If only urban parents could see that making a commitment to their neighborhood school—like parents do in most other parts of the state—would be a better solution in the long run.  If only they could team up with elected officials to generate the resources needed to complete building renovations and repairs, upgrade materials, and invest in technology.  If only they could convince educational policy makers to revamp curriculum to make it more individualized and authentic, and expand alternative schools and programs to remediate troubled youth.  If only they could convince local leaders to invest in families and communities in order to create a culture of learning available to all children within the bounds of a neighborhood, instead of running away.                             

Although charters in Pennsylvania don’t outperform traditional neighborhood schools academically, they do turn a large profit.  Privatization of public schools (and tax dollars) is a big business, and unlike the more advantaged populations of Pennsylvania, the urban poor are prime real estate.


Philadelphia Schoolteacher Announces Plans to Open Cybercharter and Make Millions

by Christopher Paslay


Here’s the plan: I’m going to start a charter school in Philadelphia and make a million dollars.  Not just any charter, mind you, a cybercharter.  I’m thinking about naming it after myself and calling it Chris’s Cyber Charter.  Either that, or Lee Iacocca Cyber Charter.  Anybody want in?   

Currently, the Philadelphia School District pays nearly $9,000 per student for cybercharters.  How much of that money is actually spent on the students is unclear.  But when you take into consideration that officials in western Pennsylvania’s North Hills School District have estimated that cybercharters spend less than $1,000 per year on each of their students, there’s a lot of room for profit in the Philadelphia cybercharter industry.   

I figure I can clear about $8,000 per student on my new business venture.  This means that if I can recruit a meager 10 students to enroll in Chris’s Cyber Charter, I’ll equal my current salary teaching.  If I can sign up 20 students, I’ll double my pay.  If I can talk 120 students into coming on board, I’ll make my first million before the age of 40.  Anybody want in?

Opening a charter school is not as daunting a task as one may think.  The website “US Charter Schools” explains that there are four basic steps to starting a charter: exploration, application, pre-operations, and operations. 

The exploration phase first involves investigating state laws and reviewing chartering agency policies.  Most of this, incredibly, can be done online.  Next, an organizing committee must be formed to plan the charter.  The team assembled to launch Chris’s Cyber Charter will incorporate the expertise of none other than me, myself and I. 

I will draft the school’s mission statement, which will be to make as much money as humanly possible.  But I of course won’t write it like that.  Instead, to remain reputable in the public eye and to help recruit students, the mission statement will be something like, Chris’s Cyber Charter is dedicated to the success of students who have not had their needs met in a traditional public school setting.  CCC is dedicated to providing the educational programs and services necessary for all children, regardless of race, ethnicity, and learning style, to become productive, responsible members of society.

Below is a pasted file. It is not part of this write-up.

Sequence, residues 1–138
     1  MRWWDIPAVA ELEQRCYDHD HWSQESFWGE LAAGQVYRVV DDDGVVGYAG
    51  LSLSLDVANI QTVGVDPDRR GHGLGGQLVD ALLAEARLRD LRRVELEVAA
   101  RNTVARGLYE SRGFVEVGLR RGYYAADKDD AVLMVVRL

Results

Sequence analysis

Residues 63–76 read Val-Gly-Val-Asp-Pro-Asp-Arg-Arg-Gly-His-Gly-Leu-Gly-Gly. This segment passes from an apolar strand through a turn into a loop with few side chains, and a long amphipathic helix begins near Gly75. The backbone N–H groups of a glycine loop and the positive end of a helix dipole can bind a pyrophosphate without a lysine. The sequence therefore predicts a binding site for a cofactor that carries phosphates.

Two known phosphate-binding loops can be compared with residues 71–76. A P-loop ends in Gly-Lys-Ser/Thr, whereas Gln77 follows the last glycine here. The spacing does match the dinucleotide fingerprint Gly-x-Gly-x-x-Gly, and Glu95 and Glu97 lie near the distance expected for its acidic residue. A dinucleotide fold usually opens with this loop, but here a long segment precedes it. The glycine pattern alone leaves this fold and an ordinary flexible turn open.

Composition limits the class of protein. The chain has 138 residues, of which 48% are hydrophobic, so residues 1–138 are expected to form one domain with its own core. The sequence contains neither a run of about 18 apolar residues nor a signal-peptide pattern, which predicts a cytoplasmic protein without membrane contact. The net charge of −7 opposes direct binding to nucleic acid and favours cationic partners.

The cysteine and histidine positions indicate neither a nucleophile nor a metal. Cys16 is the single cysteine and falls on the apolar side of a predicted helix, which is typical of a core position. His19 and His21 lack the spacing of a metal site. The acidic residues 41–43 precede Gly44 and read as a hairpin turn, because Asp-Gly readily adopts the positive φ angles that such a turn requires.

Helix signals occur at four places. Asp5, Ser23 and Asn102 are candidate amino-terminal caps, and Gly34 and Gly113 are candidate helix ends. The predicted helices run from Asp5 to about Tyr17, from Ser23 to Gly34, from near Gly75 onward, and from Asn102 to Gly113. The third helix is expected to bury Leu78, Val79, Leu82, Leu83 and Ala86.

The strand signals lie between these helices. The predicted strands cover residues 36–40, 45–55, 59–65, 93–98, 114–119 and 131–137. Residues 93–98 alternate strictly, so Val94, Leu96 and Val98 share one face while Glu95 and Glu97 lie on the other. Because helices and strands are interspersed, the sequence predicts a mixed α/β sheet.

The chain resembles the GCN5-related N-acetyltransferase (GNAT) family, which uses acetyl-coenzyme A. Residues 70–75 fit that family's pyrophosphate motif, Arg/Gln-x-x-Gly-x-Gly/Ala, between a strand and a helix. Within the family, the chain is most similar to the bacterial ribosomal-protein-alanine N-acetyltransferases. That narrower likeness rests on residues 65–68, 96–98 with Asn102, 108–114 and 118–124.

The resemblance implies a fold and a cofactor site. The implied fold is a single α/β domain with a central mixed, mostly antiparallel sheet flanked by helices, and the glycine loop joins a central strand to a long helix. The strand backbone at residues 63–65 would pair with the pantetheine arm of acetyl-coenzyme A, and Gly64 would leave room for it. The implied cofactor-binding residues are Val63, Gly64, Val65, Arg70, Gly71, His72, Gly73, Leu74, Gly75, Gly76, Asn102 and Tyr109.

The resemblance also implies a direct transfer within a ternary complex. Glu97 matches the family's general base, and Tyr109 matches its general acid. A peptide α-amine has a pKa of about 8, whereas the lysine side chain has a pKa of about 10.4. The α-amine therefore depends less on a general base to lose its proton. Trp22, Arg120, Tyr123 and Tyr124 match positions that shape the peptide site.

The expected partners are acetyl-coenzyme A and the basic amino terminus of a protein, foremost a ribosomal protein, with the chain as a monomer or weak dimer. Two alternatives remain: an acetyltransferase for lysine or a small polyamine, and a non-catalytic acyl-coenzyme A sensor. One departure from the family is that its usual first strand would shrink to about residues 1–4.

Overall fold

I will also design the instructional program (it will be flexible and allow students to select their own path and work at their own pace), outline the school’s administrative structure (Joe, a colleague and good friend of mine who has a current PA principal’s certificate, will run my school), write the staffing plan (a team of five core subject teachers, one of which will be dually certified in special education and another in physical education, will be the instructors), write a statement of facilities needs (we will need laptops, wireless internet, and a full time I.T. person to set-up and maintain the school’s website), and outline a rough budget (CCC will need approximately $1 million in annual funds to effectively educate its eventual student body of 120 students).

Phase two of opening a charter involves the application process—drafting, presenting, and getting the charter approved.  A strong charter application includes things like a statement of why the school is needed, a description of the education program to be used, learning objectives for students, methods for student assessment, a financial plan and a 3-5 year budget projection, etc.  I plan on talking to Dwight Evans about how to bully the Philadelphia School Reform Commission into accepting my charter application, and how to drive out competitors like a “bulldog on a bone.” 

Phase three is pre-operations, which includes recruiting staff and students, developing a formal operating agreement with the sponsoring district, and most importantly, securing funding.  CCC plans on securing $1 million in annual funds from the Philadelphia School District.  Likewise, CCC also plans on receiving an additional $250,000 for start-up costs from the PSD and the city’s taxpayers for the first year only.  In the 2010-11 school year, the PSD spent $310 million on its 74 charter schools (which comes to $4.1 million per school), so $1.25 million is really just a drop in the bucket.       

Finally, we get to phase four—opening the charter school doors.  Because CCC is a cybercharter, there are no actual doors to be opened.  All learning takes place on computers in cyberspace from each student’s home, so there are no brick-and-mortar buildings to maintain or pay for; there is no rent, utilities, or upkeep of any kind.  Teachers also do their teaching, using special state of the art software programs, from the comfort of their own homes as well.       

CCC students will take the PSSA tests to measure their academic gains.  Even if students crap-out and fail the state tests, it doesn’t matter.  It’s common knowledge that cybercharters in Pennsylvania are the pits.  The report by Stanford’s Center for Research on Education Outcomes shows that cybercharters are performing far worse than traditional neighborhood public schools.  As Elmer Smith noted in his June 21st Daily News column, “In reading and math, cybercharters performed below average in comparison with district schools at every grade level tested. That was without exception.”

But this minor blemish doesn’t matter.  Progressives will still love CCC because the school is right on board with the three biggest educational trends of the 21st century: learning is “student-centered” without all that useless drilling from teachers; the curriculum allows children to select their own instructional paths and work at their own pace; and CCC uses state of the art technology.    

So let me repeat my plan: I’m going to open a cybercharter in Philadelphia and make a million dollars.  Anybody want in?